I was just trying to control the content of the error message.
The S3 object in my bucket was an XML document containing a crafted message:
<Error> <Code>AccessDenied</Code> <Message>This is literally my error</Message> <RequestId>NWQBBFY7M95KH4XC</RequestId> <HostId>U3RvcCBkZWNvZGluZyBiYXNlNjQ=</HostId> </Error>
I ran the shell script and Burp Intruder simultaneously.
When CloudFormation succeeded in reading our S3 object, it returned “Template format error: unsupported structure”:
This means our file was public (public-read), but it is not a valid YAML/JSON template.
When it failed to read the S3 object, it returned the normal “S3 error: Access Denied”:
That happened for around 20-30 requests until it returned:
I was shocked. The idea worked. It parsed our file, in the format of an XML document, as an S3 error.
Normal XML documents support XML entities, which are just a nice way to encode characters.
For example, < is the encoding for the less-than (“<”) character (hence, <).
As a part of the XML format, you can also define your own XML entities, for example:
<?xml version="1.0" encoding="UTF-8"?> <!DOCTYPE Error [ <!ENTITY my_name "Tzah"> ]> <Error> <Code>AccessDenied</Code> <Message>Hi, my name is &my_name;</Message> <RequestId>NWQBBFY7M95KH4XC</RequestId> <HostId>QmV0dGVyIGZvY3VzIG9uIHRoZSBhcnRpY2xl</HostId> </Error>
This is a feature, not a security issue.
External XML entities, though, mean you can borrow a string from a file or a URL, by adding the word SYSTEM.
<!DOCTYPE Error [ <!ENTITY my_name SYSTEM "file:///etc/my_name.txt"> ]>
Where /etc/my_name.txt is a file containing my name. Now, this is more of a security issue, but you can disable this feature in your XML parser.
I tried an XML external entity, reading a file and embedding it into our error message, hoping that CloudFormation might just cooperate and return it. The S3 object looked like this:
<?xml version="1.0" encoding="UTF-8"?> <!DOCTYPE Error [ <!ENTITY abc SYSTEM "file:///etc/passwd"> ]><Error> <Code>AccessDenied</Code> <Message>&abc;</Message> <RequestId>NWQBBFY7M95KH4XC</RequestId> <HostId>SSBnaXZlIHVw</HostId> </Error>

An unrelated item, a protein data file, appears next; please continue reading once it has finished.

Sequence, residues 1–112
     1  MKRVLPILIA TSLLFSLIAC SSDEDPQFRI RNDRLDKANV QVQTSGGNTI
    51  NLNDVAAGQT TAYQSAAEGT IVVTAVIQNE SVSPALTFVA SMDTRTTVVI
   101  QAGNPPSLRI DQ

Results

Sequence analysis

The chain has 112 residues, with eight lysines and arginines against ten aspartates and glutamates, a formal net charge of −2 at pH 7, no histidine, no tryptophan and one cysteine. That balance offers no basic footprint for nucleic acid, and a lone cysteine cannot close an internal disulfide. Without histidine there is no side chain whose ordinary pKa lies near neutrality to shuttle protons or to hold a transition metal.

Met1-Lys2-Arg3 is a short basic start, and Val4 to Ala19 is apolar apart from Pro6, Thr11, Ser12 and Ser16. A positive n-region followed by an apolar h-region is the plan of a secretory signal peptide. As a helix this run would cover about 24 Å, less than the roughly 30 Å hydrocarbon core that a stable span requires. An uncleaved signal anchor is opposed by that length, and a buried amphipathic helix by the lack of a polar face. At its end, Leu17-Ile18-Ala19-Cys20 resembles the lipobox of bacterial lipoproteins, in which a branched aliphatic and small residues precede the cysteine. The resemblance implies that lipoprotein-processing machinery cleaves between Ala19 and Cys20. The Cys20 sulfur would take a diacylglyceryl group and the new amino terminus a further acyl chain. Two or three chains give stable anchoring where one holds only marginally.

I ran the exploit again, and after 28 requests, there it was:
Making 20-30 requests every time I want to leak a file becomes tedious. After some research, I came across bucket policies, allowing the restriction of access to a bucket based on specified conditions. So, I defined a policy that denied access from everyone unless they have the string “HttpClient” inside of their user agent.
And it worked. I had a Python script receiving a URL and requesting it without a race.
Accessing file:// URLs inside of our XXE even allowed directory listing to occur when trying to read the content of a directory. Also, since external entities are simply URLs, they can also be remote. ftp:// and http:// were also on the table, leading to an SSRF.
Remember the IMDS (Instance MetaData Service)? I queried it, and ended up reaching this URL:
Sure enough, I found credentials:
We didn’t want to risk it and play around too much, so just as a proof-of-concept, I used these credentials to access my S3 bucket (aws s3 presign).
I then waited to see what identity would appear in the CloudTrail logs.
Three minutes later, in my CloudTrail logs:
NOTE: AWSService from AWS Internal are not CloudFormation’s service credentials. They are credentials identifying that EC2 instance, which is a part of CloudFormation.
Based on my short exploration, and on the knowledge gathered from our SuperGlue research, we believe that if this XXE was elevated to an RCE it would’ve led to severe cross-tenant violations.
As soon as the exploit succeeded, we sent an email to the AWS security team, detailing the vulnerability. In less than 30 hours, they made the code changes that fixed the issue. Props to them for acting so vigilantly!
I ran my old exploit. Good news: it didn’t work.
The way I ensured the problem was closed could be another blog, considering the amount of research it took to fully confirm. The HTTP client no longer parsed responses with the status code 200, so I needed to fool it yet again–just to prove there was no dangerous XML parsing waiting at the end. I found a trick that allowed me to do so. I concluded there is no more XML parsing at all. Actually, any XML entity – even non-external ones – will not be parsed inside of an S3 error. Even < or " (< and “ if you don’t speak XML) will be XML-encoded and turn into &lt and &quot.
The AWS team correctly and categorically fixed the vulnerability.
For the latest updates on Orca Security’s cloud security research, see the Research Pod’s articles here.
To better understand the current risk posture of your cloud environments, sign up for a 30-day free risk assessment.
Tzah Pahima is a Cloud Security Researcher at Orca Security. Follow him on Twitter @tzahpahima